I watch a lot of golf on television. After all, I’m in the business. Being a radio and television golf talk show host, I need to know the latest information about golf in general, and that, of course, included watching various tournaments on my flat screen. I do enjoy watching my favorite players; I do enjoy some of the beautiful scenery that surrounds the golf course and I do enjoy watching spectacular golf shots as only those who play this game for a living can make. The one thing I hate about watching golf on television are most of the announcers that call the action…whether they are in the booth or walking the golf course doing the play-by-play.
If you watch any tournament golf on television, you understand that most of the folks involved in the broadcast are former Tour players who are suppose to bring their particular level of expertise to the broadcast. Some do it better then others. Some put their foot in their mouth over and over by making obvious observations….like ,” By pulling his tee shot into the woods, he may find himself in a whole lot of trouble.” Really? The primary job of a golf announcer, in my opinion, is to enlighten the viewer in the simplest way possible of just what happened and its immediate consequence. It’s hard for a lot of these analysts to do this because they think the more they explain something the more people will understand it until it gets to the point of no return. I think most of the time the people at home watching can figure out that Joe Blow needs to make this putt to cut into the lead (pretty obvious from where I’m sitting) or that we already understand that this fairway has water down the left-hand side and that the player must play away from the water hazard. Again, really? Come on…give me something, anything, other then the obvious.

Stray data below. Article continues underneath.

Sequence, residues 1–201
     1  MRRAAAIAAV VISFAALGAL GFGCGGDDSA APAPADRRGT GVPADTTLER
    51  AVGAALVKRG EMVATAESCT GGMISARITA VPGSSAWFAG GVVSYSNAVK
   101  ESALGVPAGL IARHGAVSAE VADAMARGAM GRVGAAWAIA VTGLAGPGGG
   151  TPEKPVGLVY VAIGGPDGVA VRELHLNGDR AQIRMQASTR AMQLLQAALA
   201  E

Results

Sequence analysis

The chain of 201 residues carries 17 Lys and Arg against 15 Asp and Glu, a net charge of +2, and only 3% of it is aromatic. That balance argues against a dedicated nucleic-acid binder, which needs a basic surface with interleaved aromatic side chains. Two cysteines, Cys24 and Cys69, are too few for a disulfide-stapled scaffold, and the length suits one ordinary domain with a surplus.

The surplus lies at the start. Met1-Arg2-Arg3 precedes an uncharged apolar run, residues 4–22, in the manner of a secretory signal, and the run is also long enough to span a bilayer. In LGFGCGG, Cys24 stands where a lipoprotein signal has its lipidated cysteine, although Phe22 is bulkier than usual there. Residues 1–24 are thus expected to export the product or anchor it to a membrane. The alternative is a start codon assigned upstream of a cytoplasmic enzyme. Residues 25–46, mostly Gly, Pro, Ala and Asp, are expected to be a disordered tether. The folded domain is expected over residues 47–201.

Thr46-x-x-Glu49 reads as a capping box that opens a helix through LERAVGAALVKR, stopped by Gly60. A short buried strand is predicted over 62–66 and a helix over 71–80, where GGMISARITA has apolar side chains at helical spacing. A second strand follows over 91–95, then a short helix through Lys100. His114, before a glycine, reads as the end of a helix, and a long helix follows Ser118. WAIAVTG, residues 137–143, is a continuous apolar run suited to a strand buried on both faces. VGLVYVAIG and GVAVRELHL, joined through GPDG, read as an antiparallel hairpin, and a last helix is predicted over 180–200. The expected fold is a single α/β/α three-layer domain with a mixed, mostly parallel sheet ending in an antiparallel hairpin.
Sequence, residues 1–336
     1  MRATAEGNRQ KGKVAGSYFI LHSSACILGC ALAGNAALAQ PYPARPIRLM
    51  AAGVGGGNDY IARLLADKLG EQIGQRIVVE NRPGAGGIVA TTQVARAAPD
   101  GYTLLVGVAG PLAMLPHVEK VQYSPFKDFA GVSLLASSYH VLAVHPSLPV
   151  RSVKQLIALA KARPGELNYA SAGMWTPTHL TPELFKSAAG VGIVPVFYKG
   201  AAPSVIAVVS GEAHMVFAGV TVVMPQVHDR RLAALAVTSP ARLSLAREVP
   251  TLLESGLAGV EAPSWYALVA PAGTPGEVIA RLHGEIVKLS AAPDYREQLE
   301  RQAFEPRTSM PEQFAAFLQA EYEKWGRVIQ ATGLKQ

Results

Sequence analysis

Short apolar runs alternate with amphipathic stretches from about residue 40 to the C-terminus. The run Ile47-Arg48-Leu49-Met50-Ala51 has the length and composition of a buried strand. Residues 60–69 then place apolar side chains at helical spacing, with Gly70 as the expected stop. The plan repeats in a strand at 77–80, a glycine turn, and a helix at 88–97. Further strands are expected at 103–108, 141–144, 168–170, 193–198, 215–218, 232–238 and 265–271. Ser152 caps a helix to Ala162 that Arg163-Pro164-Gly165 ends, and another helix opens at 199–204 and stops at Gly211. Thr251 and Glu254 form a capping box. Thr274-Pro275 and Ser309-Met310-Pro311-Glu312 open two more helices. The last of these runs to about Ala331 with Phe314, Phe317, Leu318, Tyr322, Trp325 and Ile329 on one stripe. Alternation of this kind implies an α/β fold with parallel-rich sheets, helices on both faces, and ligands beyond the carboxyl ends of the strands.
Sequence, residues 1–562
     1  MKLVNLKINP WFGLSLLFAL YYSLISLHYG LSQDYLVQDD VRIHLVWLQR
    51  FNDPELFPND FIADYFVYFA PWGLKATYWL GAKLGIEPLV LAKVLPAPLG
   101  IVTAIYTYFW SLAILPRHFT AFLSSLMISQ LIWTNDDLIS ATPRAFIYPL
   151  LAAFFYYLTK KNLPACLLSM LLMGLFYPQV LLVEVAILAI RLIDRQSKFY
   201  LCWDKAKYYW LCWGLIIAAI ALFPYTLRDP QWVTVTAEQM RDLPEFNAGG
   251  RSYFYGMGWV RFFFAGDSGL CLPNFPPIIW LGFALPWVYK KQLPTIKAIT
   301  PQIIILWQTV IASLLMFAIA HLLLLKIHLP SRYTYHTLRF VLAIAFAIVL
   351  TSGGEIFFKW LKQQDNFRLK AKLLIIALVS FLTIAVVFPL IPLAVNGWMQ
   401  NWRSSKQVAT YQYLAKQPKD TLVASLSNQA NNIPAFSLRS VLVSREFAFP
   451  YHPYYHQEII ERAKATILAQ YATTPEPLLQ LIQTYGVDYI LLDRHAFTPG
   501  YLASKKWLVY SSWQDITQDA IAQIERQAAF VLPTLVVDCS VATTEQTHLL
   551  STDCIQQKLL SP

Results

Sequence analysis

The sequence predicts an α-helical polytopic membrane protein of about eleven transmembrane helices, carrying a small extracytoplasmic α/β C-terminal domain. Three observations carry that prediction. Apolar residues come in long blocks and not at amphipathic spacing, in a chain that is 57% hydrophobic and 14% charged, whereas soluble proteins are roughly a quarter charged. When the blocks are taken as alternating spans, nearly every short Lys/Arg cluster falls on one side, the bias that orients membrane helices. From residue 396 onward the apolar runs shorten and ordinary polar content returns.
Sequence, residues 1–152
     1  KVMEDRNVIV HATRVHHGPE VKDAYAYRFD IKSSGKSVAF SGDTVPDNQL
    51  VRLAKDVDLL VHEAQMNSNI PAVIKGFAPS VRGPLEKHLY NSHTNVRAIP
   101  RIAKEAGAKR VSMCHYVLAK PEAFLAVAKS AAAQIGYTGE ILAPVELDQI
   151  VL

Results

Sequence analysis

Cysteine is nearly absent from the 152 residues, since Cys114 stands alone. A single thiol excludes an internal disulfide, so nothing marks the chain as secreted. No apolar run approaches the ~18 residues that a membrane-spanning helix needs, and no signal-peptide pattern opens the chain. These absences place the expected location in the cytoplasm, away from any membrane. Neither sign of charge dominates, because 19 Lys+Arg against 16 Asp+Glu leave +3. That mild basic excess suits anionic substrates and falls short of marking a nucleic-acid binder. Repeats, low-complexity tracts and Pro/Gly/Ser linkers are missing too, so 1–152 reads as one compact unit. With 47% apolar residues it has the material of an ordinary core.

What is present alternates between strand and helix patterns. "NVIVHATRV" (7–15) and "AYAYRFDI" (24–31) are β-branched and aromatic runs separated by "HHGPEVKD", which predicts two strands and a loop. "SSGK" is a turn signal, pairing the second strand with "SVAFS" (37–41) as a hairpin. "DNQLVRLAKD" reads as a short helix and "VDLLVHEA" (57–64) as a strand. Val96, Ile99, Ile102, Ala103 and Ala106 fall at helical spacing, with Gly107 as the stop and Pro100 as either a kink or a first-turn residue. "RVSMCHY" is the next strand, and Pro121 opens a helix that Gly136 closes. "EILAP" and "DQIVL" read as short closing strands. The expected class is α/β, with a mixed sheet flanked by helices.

After so many years of broadcasting golf, these guys have used the same trite, boring, worn out cliches over and over to the point you can turn off the volume and read their lips. Just look at the post-round interviews with the players to get a good example. The same 5 or 6 stock, standard questions asked of all the players usually starting with, “What did you find today that made you play so good?” No wonder the players look like they want to fall asleep when getting interview. If these interviewers are getting paid to do fresh, unique, innovative interviews, they all should give their paychecks back. A lot of people would argue the point that you can only talk about so much in golf. I don’t think that’s true, but even if it were, these golf announcers need to engage their audience more, and until they do, golf announcing, golf reporting, whatever you want to label it will stay mundane…that is to say unless you’re interested in what a player is going to have for lunch after his morning round. Really?